2018 KTM 790 Duke Spotted in the Wild

We know that we can expect a finalized version of the KTM 790 Duke at this year’s EICMA show in Milan, so it shouldn’t be surprising to hear that the streetfighter model has been caught testing by spy photographers. The bike’s parallel-twin engine can clearly be spotted in the pictures, tipping us to its model, and many of the lines from the prototype machine remain, as further clues. Though, noticeable differences include a new tail section design, different exhaust, as well as a headlight. The headlight is clearly derived from KTM’s new design language, and its shape mimics what we’ve seen already added to the Duke, Super Duke, and Adventure lineup. The KTM 790 Duke prototype hinted that we would see a similar face in the new hoon-machine, so no surprises there.

Ducati’s 2017 World Superbike Team Debuts

Race teams continue to debut their 2017 liveries and riders, and this time around we feature the Aruba.it Racing – Ducati Superbike squad that will race in the World Superbike Championship. Chaz Davies of course returns to the team, and this season he will be joined by Marco Melandri. The duo will be an interesting pair to watch this season, with Davies holding onto his impressive form from the last-half of the 2016 season, and Melandri making his return to motorcycle racing, after sitting out last season. With 2017 to be the penultimate season for the Ducati Panigale R in the World Superbike Championship, the v-twin superbike has shown itself to be an extremely mature machine on the race track.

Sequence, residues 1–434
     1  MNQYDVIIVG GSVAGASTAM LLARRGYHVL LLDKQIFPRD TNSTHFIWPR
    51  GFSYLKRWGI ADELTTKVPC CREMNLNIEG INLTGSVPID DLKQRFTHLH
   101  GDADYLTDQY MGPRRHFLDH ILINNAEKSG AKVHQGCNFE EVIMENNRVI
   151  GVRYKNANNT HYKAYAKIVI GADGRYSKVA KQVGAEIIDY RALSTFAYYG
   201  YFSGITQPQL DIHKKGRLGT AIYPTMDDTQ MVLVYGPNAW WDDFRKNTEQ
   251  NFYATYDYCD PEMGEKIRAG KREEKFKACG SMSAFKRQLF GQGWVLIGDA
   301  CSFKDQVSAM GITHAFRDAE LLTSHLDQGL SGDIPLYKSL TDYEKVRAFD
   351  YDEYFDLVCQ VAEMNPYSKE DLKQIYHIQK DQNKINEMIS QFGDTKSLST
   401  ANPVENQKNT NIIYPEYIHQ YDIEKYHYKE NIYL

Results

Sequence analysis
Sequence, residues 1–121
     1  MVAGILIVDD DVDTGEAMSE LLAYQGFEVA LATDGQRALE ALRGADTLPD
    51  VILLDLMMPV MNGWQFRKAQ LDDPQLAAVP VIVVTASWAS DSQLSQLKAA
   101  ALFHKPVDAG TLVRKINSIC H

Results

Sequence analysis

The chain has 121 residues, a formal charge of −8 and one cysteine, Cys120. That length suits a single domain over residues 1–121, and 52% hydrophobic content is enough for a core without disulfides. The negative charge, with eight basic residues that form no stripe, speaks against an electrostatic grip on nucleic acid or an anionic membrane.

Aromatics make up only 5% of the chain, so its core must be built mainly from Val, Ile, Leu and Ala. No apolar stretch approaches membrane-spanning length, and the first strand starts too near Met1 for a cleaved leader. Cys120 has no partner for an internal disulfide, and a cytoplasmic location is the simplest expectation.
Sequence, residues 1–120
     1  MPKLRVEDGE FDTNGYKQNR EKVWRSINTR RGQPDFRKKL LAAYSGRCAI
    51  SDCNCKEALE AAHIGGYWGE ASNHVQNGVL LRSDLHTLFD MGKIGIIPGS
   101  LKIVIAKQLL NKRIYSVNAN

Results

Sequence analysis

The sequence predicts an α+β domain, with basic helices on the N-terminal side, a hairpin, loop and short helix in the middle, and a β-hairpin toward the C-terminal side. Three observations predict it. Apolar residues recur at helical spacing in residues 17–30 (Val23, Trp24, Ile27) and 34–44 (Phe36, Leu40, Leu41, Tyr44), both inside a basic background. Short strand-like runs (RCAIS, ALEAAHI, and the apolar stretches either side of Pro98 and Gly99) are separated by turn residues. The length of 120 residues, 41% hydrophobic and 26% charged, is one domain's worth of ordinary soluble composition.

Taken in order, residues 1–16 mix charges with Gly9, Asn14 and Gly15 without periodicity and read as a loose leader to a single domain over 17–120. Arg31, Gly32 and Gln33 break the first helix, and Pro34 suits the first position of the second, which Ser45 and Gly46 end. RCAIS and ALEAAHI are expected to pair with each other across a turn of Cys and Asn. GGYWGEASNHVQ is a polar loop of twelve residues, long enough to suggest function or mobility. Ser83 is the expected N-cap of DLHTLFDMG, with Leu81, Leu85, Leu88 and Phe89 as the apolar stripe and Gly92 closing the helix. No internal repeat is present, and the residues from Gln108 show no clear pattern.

Imagining the 2018 Suzuki RM-Z450 Supermoto

It is a tremendous shame that the options for a road legal supermoto for are so limited, with the venerable Suzuki DR-Z400SM being the only offering in the 450cc on-road class. For virtually a decade, Suzuki has left the DR-Z basically unchanged – as it has done with many of its sport models – so we would love to see Suzuki and other manufacturers give this space more attention (a hat tip to Husqvarna for bringing the track-only FS450 to market, long with the 701 Supermoto). Although you can wake-up the DR-Z400 with a few simple modification, and there are a bevy of aftermarket kits that can punch the 398cc machine out in size, what we really want from Suzuki is a proper 450cc street supermoto – one that doesn’t stray too far from the brand’s current strong motocross offering. So, when we saw this little bit of Photoshop work by the folks at the German Suzuki dealership of DSR-Suzuki, we got a little excited.

Honda & Hitachi Join Forces on Electric Vehicle Motors

News out Japan sees Honda and Hitachi starting a joint venture that will focus on providing motors for electric vehicles. The two companies signed today what they call a “memorandum of understanding, which is the Japanese business version of getting a promise ring to start a future company together. The still unnamed joint venture will be located in Hitachinaka City in the Ibaraki Prefecture, and be initially capitalized with ¥5 billion (~$44 million). Honda Motor Co. and Hitachi Automotive Systems hope to finalize this deal by March 2017, and the new company will have subsidiaries in China and the United States – both of which will have sales and production capabilities.

US Lawmaker Introduces Bill to Close the EPA by 2018